4. Enter your desired domain name. Make sure the extension is “.com”. Click Next.
5. The next screen will have you enter your details and payment information. A few things to note:
- The $3.95 promotional price is for 36 months. I’d still opt for a 12-month plan despite the more expensive monthly charge unless you’re positive you’ll be blogging for the next three years.
- I typically pay for the Domain Privacy Protection. If you’re concerned about your privacy I’d recommend you do it. If you’re okay with your name and home address being tied to your domain name then you can opt of this and save yourself the money. I typically pay for this service.
- Site Backup Pro is again up to you. I pay for VaultPress to backup my site each month and trust that it will do the job if needed. If you want to be super safe then pay for both VaultPress and Site Backup Pro. Though typically you just need one service or plugin ensuring your website is backed up at all times.
- You can see that since I opted out of almost everything my one year bill came to $77.28. Not too bad!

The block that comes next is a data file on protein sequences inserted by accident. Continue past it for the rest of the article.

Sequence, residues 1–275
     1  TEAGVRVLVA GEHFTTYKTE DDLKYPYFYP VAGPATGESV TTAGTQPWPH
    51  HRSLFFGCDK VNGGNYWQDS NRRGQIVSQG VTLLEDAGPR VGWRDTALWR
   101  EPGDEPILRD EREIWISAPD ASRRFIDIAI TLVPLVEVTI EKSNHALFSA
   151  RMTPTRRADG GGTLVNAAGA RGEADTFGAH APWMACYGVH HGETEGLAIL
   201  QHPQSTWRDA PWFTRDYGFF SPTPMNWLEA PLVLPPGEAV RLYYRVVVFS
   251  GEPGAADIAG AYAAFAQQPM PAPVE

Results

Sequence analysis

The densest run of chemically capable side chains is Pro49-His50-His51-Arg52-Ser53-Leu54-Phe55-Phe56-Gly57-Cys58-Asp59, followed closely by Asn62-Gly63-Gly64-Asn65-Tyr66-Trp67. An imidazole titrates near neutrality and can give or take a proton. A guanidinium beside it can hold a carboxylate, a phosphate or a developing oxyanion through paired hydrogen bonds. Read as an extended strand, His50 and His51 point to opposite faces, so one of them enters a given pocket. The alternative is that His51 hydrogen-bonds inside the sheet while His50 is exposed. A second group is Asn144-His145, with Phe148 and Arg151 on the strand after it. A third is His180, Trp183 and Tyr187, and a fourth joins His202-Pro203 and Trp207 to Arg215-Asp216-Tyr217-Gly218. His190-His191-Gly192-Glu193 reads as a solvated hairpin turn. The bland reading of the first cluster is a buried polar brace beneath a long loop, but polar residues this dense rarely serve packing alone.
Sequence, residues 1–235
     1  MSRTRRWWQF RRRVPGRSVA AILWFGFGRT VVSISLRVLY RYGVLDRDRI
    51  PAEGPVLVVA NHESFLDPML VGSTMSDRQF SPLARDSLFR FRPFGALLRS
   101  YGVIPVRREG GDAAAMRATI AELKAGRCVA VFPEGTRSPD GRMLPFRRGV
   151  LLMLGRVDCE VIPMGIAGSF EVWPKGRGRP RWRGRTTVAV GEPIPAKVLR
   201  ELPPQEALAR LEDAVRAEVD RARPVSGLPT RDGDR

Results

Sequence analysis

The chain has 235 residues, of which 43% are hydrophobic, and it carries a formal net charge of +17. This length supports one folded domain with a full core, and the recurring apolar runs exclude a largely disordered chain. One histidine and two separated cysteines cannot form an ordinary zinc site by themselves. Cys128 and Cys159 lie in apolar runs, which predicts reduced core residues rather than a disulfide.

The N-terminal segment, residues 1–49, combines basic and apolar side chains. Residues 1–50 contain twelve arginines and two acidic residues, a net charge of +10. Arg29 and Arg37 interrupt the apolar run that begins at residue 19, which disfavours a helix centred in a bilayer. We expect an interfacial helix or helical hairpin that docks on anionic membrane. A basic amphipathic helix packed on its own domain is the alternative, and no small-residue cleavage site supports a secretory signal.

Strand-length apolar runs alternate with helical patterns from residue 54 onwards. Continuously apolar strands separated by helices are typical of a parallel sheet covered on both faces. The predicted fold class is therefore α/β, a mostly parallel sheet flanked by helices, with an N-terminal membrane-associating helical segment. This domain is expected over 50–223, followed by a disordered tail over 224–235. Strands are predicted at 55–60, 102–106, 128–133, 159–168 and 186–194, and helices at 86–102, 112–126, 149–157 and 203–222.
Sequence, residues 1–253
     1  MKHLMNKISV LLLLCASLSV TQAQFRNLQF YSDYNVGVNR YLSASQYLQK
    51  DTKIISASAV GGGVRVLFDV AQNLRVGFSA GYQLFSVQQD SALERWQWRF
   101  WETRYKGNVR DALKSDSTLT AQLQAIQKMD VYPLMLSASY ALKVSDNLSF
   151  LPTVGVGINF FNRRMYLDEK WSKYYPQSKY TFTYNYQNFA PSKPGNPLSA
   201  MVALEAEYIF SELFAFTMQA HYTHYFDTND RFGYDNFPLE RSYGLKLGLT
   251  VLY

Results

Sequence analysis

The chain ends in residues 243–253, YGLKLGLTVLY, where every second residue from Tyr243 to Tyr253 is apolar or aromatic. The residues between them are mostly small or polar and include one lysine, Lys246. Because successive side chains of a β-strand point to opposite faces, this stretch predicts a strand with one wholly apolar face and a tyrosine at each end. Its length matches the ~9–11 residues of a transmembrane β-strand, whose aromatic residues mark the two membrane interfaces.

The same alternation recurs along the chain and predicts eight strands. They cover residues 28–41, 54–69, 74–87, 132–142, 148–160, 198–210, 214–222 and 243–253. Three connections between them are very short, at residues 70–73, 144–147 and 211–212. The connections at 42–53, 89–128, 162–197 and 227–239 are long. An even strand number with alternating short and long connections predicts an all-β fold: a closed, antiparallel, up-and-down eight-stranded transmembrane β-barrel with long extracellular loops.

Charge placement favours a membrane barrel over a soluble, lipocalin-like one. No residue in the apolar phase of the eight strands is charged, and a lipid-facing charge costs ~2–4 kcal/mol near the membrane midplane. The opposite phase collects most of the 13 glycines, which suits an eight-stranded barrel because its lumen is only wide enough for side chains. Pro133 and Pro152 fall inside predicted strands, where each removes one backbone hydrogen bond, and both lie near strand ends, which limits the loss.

6. After you fill out all your personal and payment details and click submit Bluehost shows you a few different screens for additional services. I just skip past these by clicking on “no thanks”.
7. Your next step is to create a password for your Bluehost account. Click on “create your password” to do so.
8. On the next screen create a secure password. Confirm the password, click the Terms of Service checkbox and hit “Next”.
9. Log in to your new Bluehost hosting account for your new food blog by clicking “log in”.
10. You’re successfully logged into your brand new hosting account with Bluehost and you own your domain name. Congratulations! You should now be looking at your hosting dashboard.
As a side note: if you were to navigate to your website now you’d see that it has changed from a “not found” type screen to one that shows it is now hosted by Bluehost (see below). In the past 20 minutes, you’ve purchased the domain and paid for a year of hosting.
Your new website is now your blank canvas to create your food blog on! You just need to install WordPress so you can write all those awesome blog posts for your new food blog. On to the final step of creating your blog!
One more side note:
Bluehost sends 3 emails post purchase.
- One is a receipt email. Nothing needed.